Tuesday, January 31, 2006

I Now Pronounce You Partner and Partner

As we all patiently wait for Prime Minister-designate Stephen Harper to lose the suffix, my thoughts turn inevitably to the contentious same-sex marriage issue. I think everyone would like this to be settled once and for all, but I don't think it is ever going to happen. Both sides feel much too strongly about it. Any initative from Parliament is unlikely to resolve the disparity.

Social Conservatives were led to believe that Stephen Harper would rescind Bill C-38, but Deputy Conservative Leader Peter MacKay said recently on CTV's Question Period, that "It's not going to be brought back as a legislative initiative to strike down same-sex marriage. It would be brought back to decide whether Parliament wanted to go down that road."

More agitation. More marches. More anger. If openly-gay Liberal M.P. Scott Brison is appointed interim party leader, we can look forward to him advocating for his own "rights" as well as those of the LGBT community. (Sounds like a deli sandwich, doesn't it?)

Here are my thoughts - We first have to distinguish between issues of rights and social issues. I have yet to hear anyone present a solid case to me that this is a "rights" issue. I hear a lot of rhetoric, but nothing substantive. Let's address this first.

If gay "marriage" can be proven to be a right, then we need to deal with it accordingly and ensure that all benefits and entitlements are granted equally. If it is not a right, then we are looking at a social issue, and I personally feel that this should be resolved by a referendum.

Finally, even if we end up proving that gay marriage is a right in Canada, people of various faiths and religious beliefs will still never give up the fight.

Therefore, I think the Canadian government should get out of the marriage business altogether. Let's just have "civil unions" for everyone, performed at an accredited municipal location, and devoid of any religious context. Then, anyone wishing a more traditional and religious ceremony could have that arranged afterwards at the church of their choice. It would be a two-step process, but it would take the word "marriage" out of the hands of the government, and give it back to the individual and God.

I welcome any thoughts and comments on this. My feelings will not be hurt if you disagree!

Friday, January 27, 2006

What is Happening to Me?

As I watched Stephen Harper hold his first news conference as Prime Minister designate, I became aware of an unusual feeling percolating upwards (no, it wasn't gas). It was a strange emotion; barely recognizable and so long suppressed. Finally I was able to define it! Canadian pride! I am proud to be a Canadian again! No more embarrassment or humiliation on the world stage.

I am Canadian!!!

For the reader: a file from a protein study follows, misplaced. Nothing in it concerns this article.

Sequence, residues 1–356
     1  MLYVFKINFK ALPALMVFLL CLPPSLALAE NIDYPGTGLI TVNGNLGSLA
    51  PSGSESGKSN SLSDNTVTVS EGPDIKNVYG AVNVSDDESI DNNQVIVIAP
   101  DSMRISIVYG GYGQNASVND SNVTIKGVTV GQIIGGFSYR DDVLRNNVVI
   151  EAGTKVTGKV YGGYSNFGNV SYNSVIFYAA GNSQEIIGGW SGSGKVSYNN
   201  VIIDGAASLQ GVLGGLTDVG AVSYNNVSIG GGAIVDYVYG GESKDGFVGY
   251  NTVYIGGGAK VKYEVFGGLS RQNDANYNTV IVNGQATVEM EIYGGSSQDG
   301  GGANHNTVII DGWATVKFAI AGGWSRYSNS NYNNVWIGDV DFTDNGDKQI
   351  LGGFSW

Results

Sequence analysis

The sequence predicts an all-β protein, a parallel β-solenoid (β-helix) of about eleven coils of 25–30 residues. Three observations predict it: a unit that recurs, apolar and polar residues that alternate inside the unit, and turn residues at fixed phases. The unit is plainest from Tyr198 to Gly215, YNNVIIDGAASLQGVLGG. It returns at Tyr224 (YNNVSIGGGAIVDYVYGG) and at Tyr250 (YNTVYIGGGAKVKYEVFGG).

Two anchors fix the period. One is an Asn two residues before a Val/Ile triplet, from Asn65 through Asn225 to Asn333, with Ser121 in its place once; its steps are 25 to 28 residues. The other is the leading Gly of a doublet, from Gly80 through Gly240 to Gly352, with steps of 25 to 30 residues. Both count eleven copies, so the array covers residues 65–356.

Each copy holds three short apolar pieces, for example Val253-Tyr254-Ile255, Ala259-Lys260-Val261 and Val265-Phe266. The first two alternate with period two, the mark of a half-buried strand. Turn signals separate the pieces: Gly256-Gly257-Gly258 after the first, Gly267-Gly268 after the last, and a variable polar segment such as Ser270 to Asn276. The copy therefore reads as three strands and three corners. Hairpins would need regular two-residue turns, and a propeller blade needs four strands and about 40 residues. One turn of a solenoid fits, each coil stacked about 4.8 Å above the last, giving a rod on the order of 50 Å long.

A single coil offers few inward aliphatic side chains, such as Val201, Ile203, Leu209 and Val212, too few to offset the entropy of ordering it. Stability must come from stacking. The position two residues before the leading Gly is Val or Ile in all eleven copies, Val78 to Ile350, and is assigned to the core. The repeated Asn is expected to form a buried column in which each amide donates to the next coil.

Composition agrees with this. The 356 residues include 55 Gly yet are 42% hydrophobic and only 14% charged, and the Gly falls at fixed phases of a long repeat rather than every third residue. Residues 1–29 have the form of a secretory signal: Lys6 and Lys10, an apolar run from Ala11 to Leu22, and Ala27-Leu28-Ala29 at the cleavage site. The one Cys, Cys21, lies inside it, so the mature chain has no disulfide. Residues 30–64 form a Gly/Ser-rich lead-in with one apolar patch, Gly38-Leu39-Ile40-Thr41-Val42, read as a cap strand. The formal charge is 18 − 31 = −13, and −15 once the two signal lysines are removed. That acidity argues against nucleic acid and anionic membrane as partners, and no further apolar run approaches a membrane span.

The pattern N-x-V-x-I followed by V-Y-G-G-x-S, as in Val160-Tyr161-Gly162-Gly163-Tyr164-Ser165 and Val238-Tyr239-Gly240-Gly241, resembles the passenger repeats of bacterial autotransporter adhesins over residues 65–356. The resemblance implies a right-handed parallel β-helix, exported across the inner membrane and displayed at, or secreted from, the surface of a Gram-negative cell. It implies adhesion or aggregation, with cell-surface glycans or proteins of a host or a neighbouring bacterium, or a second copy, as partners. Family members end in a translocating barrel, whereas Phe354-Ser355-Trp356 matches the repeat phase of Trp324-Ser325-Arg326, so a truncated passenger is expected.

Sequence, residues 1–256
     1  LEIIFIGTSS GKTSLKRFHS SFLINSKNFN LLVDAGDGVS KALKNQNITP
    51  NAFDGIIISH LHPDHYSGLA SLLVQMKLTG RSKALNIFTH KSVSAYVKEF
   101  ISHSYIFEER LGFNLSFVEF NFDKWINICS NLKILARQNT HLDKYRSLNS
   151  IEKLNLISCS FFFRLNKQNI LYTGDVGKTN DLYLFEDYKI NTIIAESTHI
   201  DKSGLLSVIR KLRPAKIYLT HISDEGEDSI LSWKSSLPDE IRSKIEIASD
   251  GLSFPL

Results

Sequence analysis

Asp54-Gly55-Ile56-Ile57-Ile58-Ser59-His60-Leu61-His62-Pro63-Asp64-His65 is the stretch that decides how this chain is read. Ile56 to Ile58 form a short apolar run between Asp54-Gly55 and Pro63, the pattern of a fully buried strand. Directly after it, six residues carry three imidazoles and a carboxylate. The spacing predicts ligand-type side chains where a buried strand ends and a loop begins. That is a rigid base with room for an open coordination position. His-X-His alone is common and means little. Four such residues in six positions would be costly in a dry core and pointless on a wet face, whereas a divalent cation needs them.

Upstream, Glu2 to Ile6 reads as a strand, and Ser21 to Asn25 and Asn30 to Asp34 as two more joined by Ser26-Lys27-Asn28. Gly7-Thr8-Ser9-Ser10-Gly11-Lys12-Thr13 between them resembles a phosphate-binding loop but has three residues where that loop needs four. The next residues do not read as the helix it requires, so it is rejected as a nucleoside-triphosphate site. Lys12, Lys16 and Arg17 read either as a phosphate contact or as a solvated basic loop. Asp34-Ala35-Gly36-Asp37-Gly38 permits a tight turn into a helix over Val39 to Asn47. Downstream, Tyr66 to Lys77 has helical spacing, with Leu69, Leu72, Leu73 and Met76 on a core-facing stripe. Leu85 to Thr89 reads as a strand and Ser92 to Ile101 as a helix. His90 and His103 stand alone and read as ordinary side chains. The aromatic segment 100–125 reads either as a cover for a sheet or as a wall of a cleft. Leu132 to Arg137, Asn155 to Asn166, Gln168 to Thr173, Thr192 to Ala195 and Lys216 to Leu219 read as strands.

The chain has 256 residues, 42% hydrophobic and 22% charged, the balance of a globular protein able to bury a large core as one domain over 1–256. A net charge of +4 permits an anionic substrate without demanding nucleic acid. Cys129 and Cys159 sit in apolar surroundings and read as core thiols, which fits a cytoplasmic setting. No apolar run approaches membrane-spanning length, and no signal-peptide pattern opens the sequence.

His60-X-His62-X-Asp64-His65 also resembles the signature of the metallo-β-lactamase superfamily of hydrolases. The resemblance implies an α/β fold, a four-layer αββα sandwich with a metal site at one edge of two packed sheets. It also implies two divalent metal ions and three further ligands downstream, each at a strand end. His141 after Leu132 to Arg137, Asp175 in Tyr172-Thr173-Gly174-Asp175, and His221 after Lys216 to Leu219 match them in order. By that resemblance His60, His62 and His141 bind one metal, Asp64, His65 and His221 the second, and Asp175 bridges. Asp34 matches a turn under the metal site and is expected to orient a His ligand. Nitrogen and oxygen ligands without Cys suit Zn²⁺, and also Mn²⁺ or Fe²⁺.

Hey, why does that make me think of beer, eh?

Tuesday, January 24, 2006

A bittersweet Victory

Well, I’m slowly crawling out of my unexplained funk today. Stephen Harper will be the next Prime Minister of Canada! And yet, I mourn for our local candidate who made such an incredible effort. My daughter and I spent countless afternoons and evenings over the past five months canvassing with him. We were so hopeful, but our riding seems set in its Liberal ways for the moment.

However, when I look at the big picture, I can’t help being amazed that we actually booted the Liberals out of their self-proclaimed entitlement to power! Congratulations Stephen Harper on a job well done!

Mr. Harper and his worthy caucus now have the difficult task of trying to re-establish public trust in government. With the help of the NDP and the Bloc, this task should be facilitated. Liberal corruption will be exposed and punished. I have the feeling that we have only seen the tip of the iceberg on that issue.

Canada now has a truly federal party with a national, inclusive view; one that Quebec can cling to with hope; one that will finally give the west a voice that has been so long shut out.

God Bless Canada! The sky didn’t fall - and it is a glorious shade of blue!

Friday, January 20, 2006

Still Basking in the Afterglow

Actually, I forgot to mention a few things about yesterday. Well, I didn't actually forget, but it was a little strange.

When I was trying to make my way through the dense crowd to the area where Harper and company were exiting, the throng was so thick, I was at the point of turning back. However, I suddenly caught sight of an elderly woman moving in the direction of the exit door, and the crowd was making way for her. I followed close behind and the sea of humanity filled back in behind us. That's when I found myself nose to nose with the RCMP guy.